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Film Art: An Introduction
David Bordwell, Kristin Thompson
Hit-Girl - Mark Millar, John Romita Jr. There's really not much to say about this at all. It's one of the most boring, uneventful, and unnecessary things I've ever read.

A prelude to Kick-Ass 2, bridging the gap between Kick-Ass and its sequel, it follows fan-favorite Hit-Girl, the 12 year-old assassin. While I don't dislike Hit-Girl, I'm not the super-fan many seem to be, though I can admit that in a story with poorly crafted characters, Hit-Girl is one of the more enjoyable of the lot. Deserving enough of her own comic? Perhaps. Though this certainly wasn't the way to go about it.

The first Kick-Ass tried to be deep and failed, but it was still fairly enjoyable. Hit-Girl doesn't even make an attempt at deeper meaning, which would be completely fine if it was enjoyable. Which it isn't. There's less action than there was in Kick-Ass, the art isn't nearly as operatic, and a good majority of the comic deals with Hit-Girl trying to fit in at school and talking to her parents. It lacks the over-the-top action and gore that Kick-Ass had going for it, and for some reason, in a book about the franchise's most over-the-top and violent character, Mark Millar decided to leave out much of the over-the-top violence.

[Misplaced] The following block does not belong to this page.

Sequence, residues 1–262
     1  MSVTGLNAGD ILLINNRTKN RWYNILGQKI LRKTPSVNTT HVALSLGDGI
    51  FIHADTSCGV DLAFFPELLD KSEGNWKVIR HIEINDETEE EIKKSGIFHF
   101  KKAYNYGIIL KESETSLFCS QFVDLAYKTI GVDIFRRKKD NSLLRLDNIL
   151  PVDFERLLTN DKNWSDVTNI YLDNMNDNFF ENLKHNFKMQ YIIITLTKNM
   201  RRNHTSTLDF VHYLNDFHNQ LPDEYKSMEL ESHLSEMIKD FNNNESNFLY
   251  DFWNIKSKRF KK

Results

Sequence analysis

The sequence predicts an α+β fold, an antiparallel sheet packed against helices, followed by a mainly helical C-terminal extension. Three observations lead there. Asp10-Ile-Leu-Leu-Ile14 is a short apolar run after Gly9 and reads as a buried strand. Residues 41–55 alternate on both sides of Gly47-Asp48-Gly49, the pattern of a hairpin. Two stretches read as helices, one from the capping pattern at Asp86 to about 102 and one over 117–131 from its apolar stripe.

This book, like Kick-Ass, is a reference-fest and nearly all the humor stems from references to other comic books. As a comic nerd I can't help but take some enjoyment in noticing certain references and allusions, but there's a limit, especially when the humor is so dependent on such easy writing.

This comic is just so goddamn dull. I guarantee I will not remember a single thing about these five issues within a couple of days. Why? Because nothing happened. Hit-Girl as a character barely even gets developed at all. Red Mist has his mind set on killing Kick-Ass, which we already knew from the end of the original comic. Kick-Ass only appears for a few panels, but we do learn that Hit-Girl will begin training him. You know who this comic's really about? Marcus, Hit-Girl's stepfather. He's a new character and we get to know him a lot in here, and he even directly effects Hit-Girl's actions. But I really don't give a shit about Marcus.

I was hoping that this spin-off would give up on trying to hold any deeper meaning (which it did), and increase the fun, over-the-top features (which it did the opposite of). And without any meaning or mindless fun, what is left?

Face it, this comic was unnecessary and likely an afterthought. It can hardly even be considered a bridge between Kick-Ass 1 and 2, and it was published after Kick-Ass 2 was released anyway. I suspect this mini-series is just a cash-in on Hit-Girl's, and the two Kick-Ass books', popularity.